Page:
A week ago I returned from my business trip to the Polish town of Katowice.
In the 1990ies the most of Poles called this town an ass of the world, advising to avoid it during transit and to travel through Wroclaw.
It was a sort of Polish Luhansk. Only 15 years ago the operating mine was located in the center of the town.
I cannot say it looks now like shining Las Vegas. After all, the Americans were constructing in the desert, and if they reconstruct, everything is wrecked completely.
I saw in Katowice the same Soviet buildings (however, warmed ones) and residues of spoil heaps drawing my attention; restaurants and cafes were rather unobtrusive.
However, today no mines represent the economic face of Katowice; it is the airport with annual traffic of 2.8 mln. passengers, known to every Ukrainian traveling by low-cost airlines. It is Congress Center and Exhibition Center for 30 thousand visitors and 300 events per year.
But the most important thing is a special economic zone which attracted 5.6 bln. dollars of investments and created 60 thousand jobs. Only 350 thousand people live in Katowice, but even the citizens of Krakow, with twice as big a population, go to work to Katowice.
Local citizens are simple workers, without any aplomb of Warsaw, with the respect for working people, those offering the intelligent solutions. They do not “show off”; everything is made solidly and competently, in the miner’s way. They do their best, ask about impressions, and try to be proud.
In 1990, strong competition between regions existed. Investment institutions were set up in 20 provinces. Figuratively speaking, the government exempts the economic zone/ industrial part from profit tax, while the other “features” are to be offered by the region itself (i.e. infrastructure, health care, personnel training).
At equal opportunities, Katowice with Lodz, Wroclaw and Pomorski province managed to create the most favorable conditions and obtained 50% of investments.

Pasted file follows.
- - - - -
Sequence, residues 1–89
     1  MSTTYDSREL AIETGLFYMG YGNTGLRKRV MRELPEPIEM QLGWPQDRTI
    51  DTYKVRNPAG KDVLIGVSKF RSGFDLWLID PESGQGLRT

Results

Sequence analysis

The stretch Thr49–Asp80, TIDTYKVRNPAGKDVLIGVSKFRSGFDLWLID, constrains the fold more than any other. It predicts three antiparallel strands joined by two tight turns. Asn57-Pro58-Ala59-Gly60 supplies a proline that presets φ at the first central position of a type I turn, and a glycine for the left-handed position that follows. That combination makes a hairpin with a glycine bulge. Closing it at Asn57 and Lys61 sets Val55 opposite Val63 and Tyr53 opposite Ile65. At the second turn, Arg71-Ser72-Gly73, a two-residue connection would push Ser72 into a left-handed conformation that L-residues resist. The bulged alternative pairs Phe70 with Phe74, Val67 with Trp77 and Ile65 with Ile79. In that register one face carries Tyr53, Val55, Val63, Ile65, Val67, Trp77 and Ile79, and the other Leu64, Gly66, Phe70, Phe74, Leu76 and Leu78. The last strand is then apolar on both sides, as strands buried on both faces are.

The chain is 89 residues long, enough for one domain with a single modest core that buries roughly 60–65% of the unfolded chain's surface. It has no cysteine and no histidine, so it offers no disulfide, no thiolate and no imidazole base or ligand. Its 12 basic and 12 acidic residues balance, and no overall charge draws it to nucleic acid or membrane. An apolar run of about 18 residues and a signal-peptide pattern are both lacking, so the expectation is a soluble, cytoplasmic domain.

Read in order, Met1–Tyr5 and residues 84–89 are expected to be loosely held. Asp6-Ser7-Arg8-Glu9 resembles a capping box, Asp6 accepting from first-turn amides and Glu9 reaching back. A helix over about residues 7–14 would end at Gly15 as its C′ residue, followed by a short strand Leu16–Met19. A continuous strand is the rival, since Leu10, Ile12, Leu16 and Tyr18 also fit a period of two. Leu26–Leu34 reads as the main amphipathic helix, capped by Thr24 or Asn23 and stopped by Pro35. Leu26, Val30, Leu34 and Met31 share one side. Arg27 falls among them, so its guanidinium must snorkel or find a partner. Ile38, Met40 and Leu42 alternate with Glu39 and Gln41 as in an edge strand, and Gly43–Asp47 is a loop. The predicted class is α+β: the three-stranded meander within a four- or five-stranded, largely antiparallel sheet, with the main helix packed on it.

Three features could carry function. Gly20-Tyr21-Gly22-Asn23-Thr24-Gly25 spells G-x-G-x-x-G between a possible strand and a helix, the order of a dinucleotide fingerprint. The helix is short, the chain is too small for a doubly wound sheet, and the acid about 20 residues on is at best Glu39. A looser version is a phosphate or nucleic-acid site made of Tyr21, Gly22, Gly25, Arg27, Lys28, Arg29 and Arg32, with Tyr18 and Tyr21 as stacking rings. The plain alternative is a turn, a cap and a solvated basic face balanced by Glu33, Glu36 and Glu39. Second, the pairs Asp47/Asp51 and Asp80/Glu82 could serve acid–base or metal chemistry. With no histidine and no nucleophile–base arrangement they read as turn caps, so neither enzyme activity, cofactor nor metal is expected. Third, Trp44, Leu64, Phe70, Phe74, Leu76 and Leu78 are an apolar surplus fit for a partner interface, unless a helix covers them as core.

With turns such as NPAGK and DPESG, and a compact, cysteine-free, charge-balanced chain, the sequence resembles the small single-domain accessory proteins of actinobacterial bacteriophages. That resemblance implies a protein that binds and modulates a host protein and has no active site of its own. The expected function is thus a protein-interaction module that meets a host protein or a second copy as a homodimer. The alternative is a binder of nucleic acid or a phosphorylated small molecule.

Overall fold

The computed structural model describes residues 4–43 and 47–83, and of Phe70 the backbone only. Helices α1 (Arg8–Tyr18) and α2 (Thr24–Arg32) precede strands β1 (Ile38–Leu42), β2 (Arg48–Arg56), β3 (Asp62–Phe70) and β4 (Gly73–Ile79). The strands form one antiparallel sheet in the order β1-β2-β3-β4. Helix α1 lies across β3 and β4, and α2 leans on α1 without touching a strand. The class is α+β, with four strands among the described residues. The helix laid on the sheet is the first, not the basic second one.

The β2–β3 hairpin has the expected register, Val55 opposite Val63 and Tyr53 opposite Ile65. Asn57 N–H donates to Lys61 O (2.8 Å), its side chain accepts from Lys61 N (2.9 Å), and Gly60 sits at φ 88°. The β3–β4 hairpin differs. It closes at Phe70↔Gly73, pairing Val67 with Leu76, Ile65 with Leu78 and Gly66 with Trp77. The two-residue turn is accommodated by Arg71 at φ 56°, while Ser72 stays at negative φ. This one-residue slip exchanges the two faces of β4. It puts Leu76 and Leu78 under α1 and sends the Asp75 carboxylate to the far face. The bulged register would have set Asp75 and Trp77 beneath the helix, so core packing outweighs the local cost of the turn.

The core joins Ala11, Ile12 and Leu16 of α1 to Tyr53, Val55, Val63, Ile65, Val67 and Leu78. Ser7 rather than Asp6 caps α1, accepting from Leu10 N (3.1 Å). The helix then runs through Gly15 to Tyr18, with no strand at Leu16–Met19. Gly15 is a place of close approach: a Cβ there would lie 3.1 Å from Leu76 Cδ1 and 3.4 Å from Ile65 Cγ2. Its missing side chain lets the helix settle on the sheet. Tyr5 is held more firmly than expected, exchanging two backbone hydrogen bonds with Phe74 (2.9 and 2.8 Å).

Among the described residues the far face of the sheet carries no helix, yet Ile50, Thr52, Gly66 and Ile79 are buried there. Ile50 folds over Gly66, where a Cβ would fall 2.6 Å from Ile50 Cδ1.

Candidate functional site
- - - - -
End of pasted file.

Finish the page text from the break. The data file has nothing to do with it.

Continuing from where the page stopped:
The Poland covered its territory with the network of institutions with special regimes, and in 2013 the report under telling title “Poland – a true special economic zone” has been issued. That is, now the whole country is really a special economic zone.
The town is known by its unique philharmonic hall with powerful acoustics. People come here from all regions of Poland and Europe. Shows are sold out for every performance – it is a remarkable feature for small, by our standards, town similar to Kamianske (ex-Dniprodzerzhynsk).
One would think: does the mining city really need the philharmonic hall? The answer is simple.
It is impossible to infinitely create jobs, build the infrastructure and airports. The airport serves almost 3 mln. passengers, this index can be brought to 5 million, but it is not a goal in itself. Now the government is fighting for people moving to live in Katowice, and tourists staying for two nights or more.
The tactical objective is that the town should not be seen as a transit one. To accomplish this objective, the Philharmonic Hall was opened, and old town is now being restored. The strategic objective is to change the perception of the town completely.
What is the main lesson of Katowice to be adopted? At some point of time, they were locked in very poor condition and acknowledged their status-quo: it is a backward, unattractive territory, and we should do something with it. Special economic zone was chosen as an appropriate tool, and all efforts were directed thereto. It has worked.
In fact, SEZ is not a panacea. These zones allowed attracting just over 10% of all investments, but they represent a real and effective tool.
The main thing is: by the Polish example, I understood that neither resources, nor money rule the world. People are the main capital asset. A few people in the world are interested in iron or raw materials – there is instead a struggle for human resources. Nothing will happen without them.
Even on condition of baby boom, these resources will appear in 30 years, but investors cannot wait for so long time. Therefore, they think how to move people from other territories or countries. The Poles do not conceal that they count on 500 thousand people of potential outflow of emigrants from Ukraine (estimated as 2 mln. people).
Mostly, they look for Ukrainians. Regions of Poland attract Ukrainians using training programs, employment schemes, scholarships. For example, free apartments are provided to programmers in Gdansk. Many regional initiatives involve emigrants not from the Middle East, but from Slavic countries.
Slovakia acts in a similar manner. At proper time it attracted investors who have built a bunch of car assembly plants. Now they lack the work force. In my opinion, former Minister of Finance of Slovakia Ivan Mikloš, actually, works with a view to promote workers in moving from Ukraine to places, including without limitation Slovakia.
It is a sad joke, but who says it is a joke?